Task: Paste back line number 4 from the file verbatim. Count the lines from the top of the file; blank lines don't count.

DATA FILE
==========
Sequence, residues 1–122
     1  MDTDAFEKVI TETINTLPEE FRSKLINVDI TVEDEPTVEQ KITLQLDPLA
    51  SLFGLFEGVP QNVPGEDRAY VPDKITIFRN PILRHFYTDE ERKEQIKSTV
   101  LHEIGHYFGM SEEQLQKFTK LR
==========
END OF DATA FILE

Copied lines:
   101  LHEIGHYFGM SEEQLQKFTK LR